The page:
the responses left on reddit address that issue, it is still too bad the
other post were removed as the conversation drifted into children
learning vs adults, expanded on shyness in general and other topics. I saved
a copy of parts of what I linked to that are now deleted but it doesn't
do the thread that existed justice.
"[–]RazzleStorm 1 point an hour ago
Sort of. Your hearing and generating of sounds not in your native language just takes immersion and focused practice. The only physical limitations are when you start getting older (40+) and have a harder time hearing certain pitches, which can effect new language sounds. In translation/interpretation circles, there are plenty of people with native proficiency of a language they didn't start learning until they were adults".
[–]Dr_Moe_Ron 18 points 2 hours ago
You’re kinda right. It is theorized that humans are born with an innate ability to acquire language. There is an invisible unit in our brain called the LAD (language acquisition device). If a child does not acquire language by the time they reach puberty, Broca’s area closes, and they won’t fully language. This is known as the critical period hypothesis. So after this period, it becomes harder to acquire a second language. Another factor is auditory discrimination, as a child is growing, they stop being able to distinguish the difference in sounds that are not present in their native language. When adults are learning a second language, they won’t be able to produce certain sounds because they do not exist in their first language. So their ability to produce certain phonemes is inhibited, but like you said, grammar and syntax can develop better.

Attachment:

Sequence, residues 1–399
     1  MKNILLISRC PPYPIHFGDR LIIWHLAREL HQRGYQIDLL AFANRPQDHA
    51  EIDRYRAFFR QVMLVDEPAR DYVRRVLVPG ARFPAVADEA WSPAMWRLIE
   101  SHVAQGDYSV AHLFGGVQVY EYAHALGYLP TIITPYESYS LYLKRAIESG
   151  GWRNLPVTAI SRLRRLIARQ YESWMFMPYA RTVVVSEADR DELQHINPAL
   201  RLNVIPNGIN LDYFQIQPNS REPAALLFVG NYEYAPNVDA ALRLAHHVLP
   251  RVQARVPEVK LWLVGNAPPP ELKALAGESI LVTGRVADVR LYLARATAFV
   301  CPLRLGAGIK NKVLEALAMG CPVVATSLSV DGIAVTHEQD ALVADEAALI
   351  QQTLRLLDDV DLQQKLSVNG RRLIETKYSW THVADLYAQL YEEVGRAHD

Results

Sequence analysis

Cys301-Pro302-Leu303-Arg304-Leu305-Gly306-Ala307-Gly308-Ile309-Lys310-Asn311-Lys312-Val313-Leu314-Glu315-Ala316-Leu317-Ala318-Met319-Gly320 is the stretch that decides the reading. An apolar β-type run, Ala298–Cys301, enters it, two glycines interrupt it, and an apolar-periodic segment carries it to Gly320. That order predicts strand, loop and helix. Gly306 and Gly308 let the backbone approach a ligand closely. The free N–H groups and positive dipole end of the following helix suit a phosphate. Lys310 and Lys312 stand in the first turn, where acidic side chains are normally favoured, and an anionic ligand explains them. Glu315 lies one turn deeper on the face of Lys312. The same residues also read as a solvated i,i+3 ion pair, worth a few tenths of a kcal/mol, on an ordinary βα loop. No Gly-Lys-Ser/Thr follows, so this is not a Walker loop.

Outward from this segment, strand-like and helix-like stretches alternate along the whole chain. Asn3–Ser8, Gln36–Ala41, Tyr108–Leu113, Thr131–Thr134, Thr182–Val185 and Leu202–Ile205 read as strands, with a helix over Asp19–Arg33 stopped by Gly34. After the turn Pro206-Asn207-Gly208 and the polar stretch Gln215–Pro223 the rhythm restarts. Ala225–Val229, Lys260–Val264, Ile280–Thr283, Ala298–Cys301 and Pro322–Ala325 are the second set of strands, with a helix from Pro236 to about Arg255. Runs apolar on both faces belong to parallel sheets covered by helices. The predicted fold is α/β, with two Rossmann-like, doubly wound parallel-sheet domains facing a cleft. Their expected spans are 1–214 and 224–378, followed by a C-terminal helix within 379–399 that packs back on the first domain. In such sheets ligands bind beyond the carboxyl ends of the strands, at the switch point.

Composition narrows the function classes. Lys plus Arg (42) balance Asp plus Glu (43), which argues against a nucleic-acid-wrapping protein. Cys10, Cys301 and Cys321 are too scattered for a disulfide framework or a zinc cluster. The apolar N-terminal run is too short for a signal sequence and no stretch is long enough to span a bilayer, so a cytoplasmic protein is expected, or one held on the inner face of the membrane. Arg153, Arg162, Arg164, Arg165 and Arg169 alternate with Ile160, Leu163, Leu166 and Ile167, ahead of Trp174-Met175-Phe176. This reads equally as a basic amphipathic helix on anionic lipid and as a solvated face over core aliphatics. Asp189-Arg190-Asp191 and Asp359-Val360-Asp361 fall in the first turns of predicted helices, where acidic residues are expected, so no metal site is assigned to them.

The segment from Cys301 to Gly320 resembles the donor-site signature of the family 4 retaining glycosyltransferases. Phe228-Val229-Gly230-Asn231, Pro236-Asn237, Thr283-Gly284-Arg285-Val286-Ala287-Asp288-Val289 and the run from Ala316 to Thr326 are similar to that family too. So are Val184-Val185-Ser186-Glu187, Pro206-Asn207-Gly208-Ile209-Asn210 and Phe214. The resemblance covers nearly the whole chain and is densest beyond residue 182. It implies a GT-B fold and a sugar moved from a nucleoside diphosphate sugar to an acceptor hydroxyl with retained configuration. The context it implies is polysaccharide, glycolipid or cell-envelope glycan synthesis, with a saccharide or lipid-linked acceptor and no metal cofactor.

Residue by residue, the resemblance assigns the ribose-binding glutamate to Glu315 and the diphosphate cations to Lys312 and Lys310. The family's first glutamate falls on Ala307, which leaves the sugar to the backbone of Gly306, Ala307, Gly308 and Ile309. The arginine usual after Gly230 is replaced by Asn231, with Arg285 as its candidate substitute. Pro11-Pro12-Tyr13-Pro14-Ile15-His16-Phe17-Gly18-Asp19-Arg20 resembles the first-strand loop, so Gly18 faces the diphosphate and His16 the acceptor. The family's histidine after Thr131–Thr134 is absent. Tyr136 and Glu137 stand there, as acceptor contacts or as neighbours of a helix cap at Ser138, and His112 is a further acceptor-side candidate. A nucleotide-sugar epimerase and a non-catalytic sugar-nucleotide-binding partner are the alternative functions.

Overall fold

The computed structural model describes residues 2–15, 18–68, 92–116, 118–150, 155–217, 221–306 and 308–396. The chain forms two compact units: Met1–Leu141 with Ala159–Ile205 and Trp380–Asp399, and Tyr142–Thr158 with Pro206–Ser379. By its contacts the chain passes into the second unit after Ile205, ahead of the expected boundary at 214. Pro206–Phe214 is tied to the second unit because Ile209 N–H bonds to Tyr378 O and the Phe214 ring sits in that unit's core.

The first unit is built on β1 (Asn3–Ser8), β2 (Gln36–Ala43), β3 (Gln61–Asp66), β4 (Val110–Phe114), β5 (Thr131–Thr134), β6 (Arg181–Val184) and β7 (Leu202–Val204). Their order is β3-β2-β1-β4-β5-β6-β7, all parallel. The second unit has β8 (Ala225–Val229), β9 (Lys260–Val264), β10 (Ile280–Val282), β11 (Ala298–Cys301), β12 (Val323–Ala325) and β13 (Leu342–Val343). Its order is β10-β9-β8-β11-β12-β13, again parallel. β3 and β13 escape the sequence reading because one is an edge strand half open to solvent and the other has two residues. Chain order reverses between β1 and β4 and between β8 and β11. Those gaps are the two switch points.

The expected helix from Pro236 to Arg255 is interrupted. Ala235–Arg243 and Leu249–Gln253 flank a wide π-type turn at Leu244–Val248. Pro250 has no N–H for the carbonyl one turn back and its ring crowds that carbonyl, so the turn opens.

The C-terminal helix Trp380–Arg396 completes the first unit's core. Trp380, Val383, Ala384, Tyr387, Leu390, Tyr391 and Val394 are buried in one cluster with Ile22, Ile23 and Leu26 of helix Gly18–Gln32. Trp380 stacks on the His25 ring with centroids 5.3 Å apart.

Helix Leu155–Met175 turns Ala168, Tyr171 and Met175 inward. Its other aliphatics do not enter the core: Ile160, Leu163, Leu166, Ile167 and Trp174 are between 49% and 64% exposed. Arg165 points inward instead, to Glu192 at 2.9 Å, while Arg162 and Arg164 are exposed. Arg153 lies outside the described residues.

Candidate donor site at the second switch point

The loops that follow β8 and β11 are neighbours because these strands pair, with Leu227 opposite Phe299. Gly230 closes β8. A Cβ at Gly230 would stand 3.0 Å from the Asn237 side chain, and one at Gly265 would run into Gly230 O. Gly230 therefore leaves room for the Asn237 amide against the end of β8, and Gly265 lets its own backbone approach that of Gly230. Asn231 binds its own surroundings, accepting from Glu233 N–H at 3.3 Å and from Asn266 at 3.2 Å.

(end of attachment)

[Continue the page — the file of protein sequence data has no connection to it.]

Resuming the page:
Not an expert either, just a stoner who took a linguistics class.
[–]juliette19x 2 points 2 hours ago
I totally agree.
I moved to Germany a few years ago, and my initial language skills came from the 2 kids I was taking care of. They never made fun of me when I made a mistake or said something wrong, and would only correct me if I said something really wrong. So I always felt comfortable trying to find the right words with them.
But, say I had to take them somewhere and the person serving us or whatever didn't speak any German. I would speak to them the best I could and a lot of the time they'd be like "wtf are you saying?" I knew what I was saying wasn't completely correct, but if you were willing to try to figure out what someone was saying, you'd know what they meant. Sometimes the kids would take over and repeat what I said and then magically, the adults would understand.
Fast forward a few years, my German still isn't fluent - but I understand pretty well and can read mostly without problems. But I hate speaking. 3 common situations happen when I speak - people look at me with this like dumbfounded expression, like I'm speaking Dutch; people correct every little word I say to the point where I can't get through a sentence because I'm getting interrupted for everything or, they just switch to English. My husband gets really annoyed that I don't practice German with him and his friends, but he falls under the 2nd category, and often the 1st one too. So I get so self conscious I can't do it.
But a friend or colleague will introduce me to their child who only speaks German, and I will comfortably speak to them in German without freaking out. I also naturally speak to German babies in German, even when they can't speak back, but as soon as I go to speak to their parent I just can't do it.
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